The time limit for people requiring extended medical treatment or convalescence abroad is also being halved, from 52 weeks to 26 weeks – a move the DWP predicts could affect disabled people.
The DWP’s Equality Impact Assessment set out the effect of the changes on people facing domestic violence: “Although we have no substantial analytical evidence, there will be small cases of claimants impacted by the policy (in the main, women) who have left their dwelling through fear of violence in that dwelling – for example fleeing back to a family in Northern Ireland.
“Currently those fleeing domestic violence are allowed HB during a period of temporary absence for up to 52 weeks. Under the changes if they decide to flee to a place of safety outside GB, as with the example to Northern Ireland, then their HB will be stopped after 4 weeks. It is the Department’s view that due to very small assumed numbers we do not propose to make extensions to this group.”
The changes will not affect those whose Housing Benefit is paid into their partner’s bank account. Nevertheless, the DWP admitted that they could lead to women staying with abusive partners: “Families who will be impacted most by this policy will be those where one partner is a victim of domestic violence and flees to a place of safety outside GB.
“This could mean that women, who are generally more likely to be the victims, stay with an abusive partner rather than seek safety overseas.”
In January, officials from the DWP took questions from the SSAC, a broad committee which counts among its members right-wing think tank director Matthew Oakley and Nicola Smith of the TUC. Members of the SSAC repeatedly raised concerns about the impact of the changes.
One of the points they focused on was the domestic violence issue. Committee members asked whether the DWP had considered exempting victims of domestic violence from the changes.
DWP officials were unmoved. The minutes of the January meeting state their response as: “The Department’s assumption was that anyone fleeing domestic violence would generally be doing so within Great Britain. The numbers of those leaving Great Britain on those grounds would be very small.”
Rules is rules
In fact, the DWP officials attending the SSAC meeting repeatedly brushed off committee members’ concerns, holding to their official line that the changes were “fairer to taxpayers”. Warned that the changes could affect people on low wages working abroad for extended periods, such as aid workers, nurses called out to foreign health emergencies, and deep sea fishermen, DWP officials simply told the committee: “Ministers wanted to hold to a principle of drawing a clear line with these rules… The change was about a straightforward principle and a message that, in general, four weeks would be the limit for temporary absences from GB (Great Britain).”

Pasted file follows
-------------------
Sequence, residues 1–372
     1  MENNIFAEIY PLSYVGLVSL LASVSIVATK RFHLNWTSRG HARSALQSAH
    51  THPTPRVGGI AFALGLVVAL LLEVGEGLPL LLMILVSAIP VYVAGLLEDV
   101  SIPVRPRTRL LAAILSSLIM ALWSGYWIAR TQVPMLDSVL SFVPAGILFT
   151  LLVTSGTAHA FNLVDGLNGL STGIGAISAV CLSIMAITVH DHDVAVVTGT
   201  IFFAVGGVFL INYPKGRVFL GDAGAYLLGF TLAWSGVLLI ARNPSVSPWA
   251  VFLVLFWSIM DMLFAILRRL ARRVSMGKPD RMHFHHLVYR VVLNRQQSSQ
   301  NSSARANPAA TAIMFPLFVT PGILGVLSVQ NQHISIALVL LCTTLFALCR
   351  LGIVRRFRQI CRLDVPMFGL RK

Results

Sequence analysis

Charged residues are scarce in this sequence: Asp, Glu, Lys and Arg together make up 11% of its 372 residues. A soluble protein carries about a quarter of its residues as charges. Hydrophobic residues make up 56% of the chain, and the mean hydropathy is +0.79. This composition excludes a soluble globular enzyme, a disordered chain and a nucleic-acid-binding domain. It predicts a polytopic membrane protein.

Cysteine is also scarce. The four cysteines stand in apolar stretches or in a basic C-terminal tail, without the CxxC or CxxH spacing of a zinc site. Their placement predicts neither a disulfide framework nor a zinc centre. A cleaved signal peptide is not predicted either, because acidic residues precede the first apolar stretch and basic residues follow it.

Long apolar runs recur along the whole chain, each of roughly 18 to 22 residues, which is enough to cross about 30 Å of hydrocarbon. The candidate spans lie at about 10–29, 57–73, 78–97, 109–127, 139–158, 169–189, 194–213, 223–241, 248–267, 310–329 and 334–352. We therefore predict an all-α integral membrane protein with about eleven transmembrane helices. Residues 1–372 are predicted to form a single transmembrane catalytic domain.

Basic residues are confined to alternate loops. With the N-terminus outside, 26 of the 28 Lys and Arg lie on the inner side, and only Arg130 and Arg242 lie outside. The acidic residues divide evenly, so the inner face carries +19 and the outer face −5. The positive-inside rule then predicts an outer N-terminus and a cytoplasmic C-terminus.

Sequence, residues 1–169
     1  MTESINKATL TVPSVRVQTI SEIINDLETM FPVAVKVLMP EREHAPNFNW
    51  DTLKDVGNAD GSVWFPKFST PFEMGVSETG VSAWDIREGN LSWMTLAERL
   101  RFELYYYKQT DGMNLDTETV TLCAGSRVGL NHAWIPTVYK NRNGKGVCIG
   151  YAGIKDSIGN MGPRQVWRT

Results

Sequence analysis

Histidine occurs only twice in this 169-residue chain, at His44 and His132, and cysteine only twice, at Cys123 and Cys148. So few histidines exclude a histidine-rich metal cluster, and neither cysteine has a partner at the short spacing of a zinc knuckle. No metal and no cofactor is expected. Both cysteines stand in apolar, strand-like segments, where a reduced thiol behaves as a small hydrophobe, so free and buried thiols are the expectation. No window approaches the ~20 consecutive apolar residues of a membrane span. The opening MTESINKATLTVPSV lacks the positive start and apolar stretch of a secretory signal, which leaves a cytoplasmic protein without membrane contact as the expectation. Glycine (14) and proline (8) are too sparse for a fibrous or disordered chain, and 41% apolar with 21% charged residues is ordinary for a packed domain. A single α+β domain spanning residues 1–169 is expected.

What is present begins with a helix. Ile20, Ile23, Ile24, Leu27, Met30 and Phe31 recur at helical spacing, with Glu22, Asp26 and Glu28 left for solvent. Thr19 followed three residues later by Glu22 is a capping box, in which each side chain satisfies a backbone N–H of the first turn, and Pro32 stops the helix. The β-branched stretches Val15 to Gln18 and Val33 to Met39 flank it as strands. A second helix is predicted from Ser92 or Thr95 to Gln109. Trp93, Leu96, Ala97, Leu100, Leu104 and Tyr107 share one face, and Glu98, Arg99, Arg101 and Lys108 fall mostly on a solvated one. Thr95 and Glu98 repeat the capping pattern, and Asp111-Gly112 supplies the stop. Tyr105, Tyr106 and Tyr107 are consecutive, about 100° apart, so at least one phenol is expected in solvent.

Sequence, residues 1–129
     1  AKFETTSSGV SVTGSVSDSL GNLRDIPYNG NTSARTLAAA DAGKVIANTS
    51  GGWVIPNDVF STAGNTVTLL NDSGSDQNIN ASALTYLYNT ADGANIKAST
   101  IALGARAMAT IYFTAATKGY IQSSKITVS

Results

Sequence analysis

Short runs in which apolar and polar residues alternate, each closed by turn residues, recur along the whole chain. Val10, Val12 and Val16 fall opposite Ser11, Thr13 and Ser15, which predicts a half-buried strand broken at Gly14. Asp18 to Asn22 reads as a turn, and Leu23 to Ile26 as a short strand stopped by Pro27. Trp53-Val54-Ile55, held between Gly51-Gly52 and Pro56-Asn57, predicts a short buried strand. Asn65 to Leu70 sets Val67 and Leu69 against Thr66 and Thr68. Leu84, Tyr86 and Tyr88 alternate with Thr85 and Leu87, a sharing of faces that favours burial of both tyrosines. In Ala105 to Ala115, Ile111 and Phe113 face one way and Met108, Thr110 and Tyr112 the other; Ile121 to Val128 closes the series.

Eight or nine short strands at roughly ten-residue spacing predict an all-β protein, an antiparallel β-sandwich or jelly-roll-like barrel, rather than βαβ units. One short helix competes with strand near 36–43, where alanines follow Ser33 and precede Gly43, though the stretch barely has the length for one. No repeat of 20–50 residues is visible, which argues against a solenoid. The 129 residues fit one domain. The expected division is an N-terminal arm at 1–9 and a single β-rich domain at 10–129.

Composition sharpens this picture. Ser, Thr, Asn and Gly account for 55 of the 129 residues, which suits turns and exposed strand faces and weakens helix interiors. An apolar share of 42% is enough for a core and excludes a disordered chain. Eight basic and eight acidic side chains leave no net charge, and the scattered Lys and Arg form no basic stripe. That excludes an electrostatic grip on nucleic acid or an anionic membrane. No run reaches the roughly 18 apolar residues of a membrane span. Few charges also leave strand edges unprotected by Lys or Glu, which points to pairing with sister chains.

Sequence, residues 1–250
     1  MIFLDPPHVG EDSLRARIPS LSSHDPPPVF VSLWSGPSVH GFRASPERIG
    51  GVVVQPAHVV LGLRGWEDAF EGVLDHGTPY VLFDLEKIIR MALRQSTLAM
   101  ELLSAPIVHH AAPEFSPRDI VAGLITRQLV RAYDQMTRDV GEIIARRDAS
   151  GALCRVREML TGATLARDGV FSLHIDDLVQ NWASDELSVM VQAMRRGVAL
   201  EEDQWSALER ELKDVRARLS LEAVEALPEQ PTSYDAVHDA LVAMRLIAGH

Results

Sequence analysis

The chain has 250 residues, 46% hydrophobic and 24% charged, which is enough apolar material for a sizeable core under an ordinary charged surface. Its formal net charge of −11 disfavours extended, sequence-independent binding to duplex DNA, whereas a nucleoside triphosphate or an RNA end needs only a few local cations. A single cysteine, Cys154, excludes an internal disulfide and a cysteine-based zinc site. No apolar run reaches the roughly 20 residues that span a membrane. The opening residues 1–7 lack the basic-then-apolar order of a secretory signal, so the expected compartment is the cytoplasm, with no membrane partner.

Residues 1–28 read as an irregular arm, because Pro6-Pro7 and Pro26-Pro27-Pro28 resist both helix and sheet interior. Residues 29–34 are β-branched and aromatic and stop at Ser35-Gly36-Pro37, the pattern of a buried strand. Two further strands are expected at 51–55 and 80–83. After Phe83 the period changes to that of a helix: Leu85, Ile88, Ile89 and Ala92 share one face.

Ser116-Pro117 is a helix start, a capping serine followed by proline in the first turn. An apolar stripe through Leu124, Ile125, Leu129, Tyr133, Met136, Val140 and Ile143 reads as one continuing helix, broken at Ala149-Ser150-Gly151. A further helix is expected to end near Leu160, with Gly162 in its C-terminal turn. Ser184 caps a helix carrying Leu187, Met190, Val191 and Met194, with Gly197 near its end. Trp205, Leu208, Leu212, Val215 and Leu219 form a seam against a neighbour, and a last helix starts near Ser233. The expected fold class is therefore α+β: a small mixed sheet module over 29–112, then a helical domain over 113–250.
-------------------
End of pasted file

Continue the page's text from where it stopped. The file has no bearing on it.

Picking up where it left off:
Similarly, when committee members raised concerns that the measures could grandparents who travel abroad to look after their grandchildren during school summer holidays, DWP officials replied: “The Department’s view was that there are other grand-parents within GB who could not afford to travel to visit their grand-children within GB and who would consider it unreasonable that the taxpayer should be expected to fund the trips abroad of other pensioners.”
The committee also raised concerns about the lack of a formal consultation with potentially affected groups – only local authorities have been formally consulted, plus more informal discussions regarding the pension credit changes with organisations such as Age UK. The DWP officials responded that: “There are factors to be taken into account, such as drawing a balance between providing additional entitlement, for example to those who chose to spend time abroad and the needs of taxpayers who fund the welfare bill.
“Ministers have given thought to which occupations they wanted to extend the four week concession, and have decided to go no further.”
The changes were originally due to be implemented on 1st April this year, but were then pushed back to 30th May. A DWP spokesman told Sentinel News that they will no longer take effect this month, but will be implemented at some point this year. The changes must first be laid before parliament and, being secondary legislation, will automatically become law after a short period of time unless MPs demand a vote.
The spokesman said there are at present no plans to change any of the proposals before they take effect.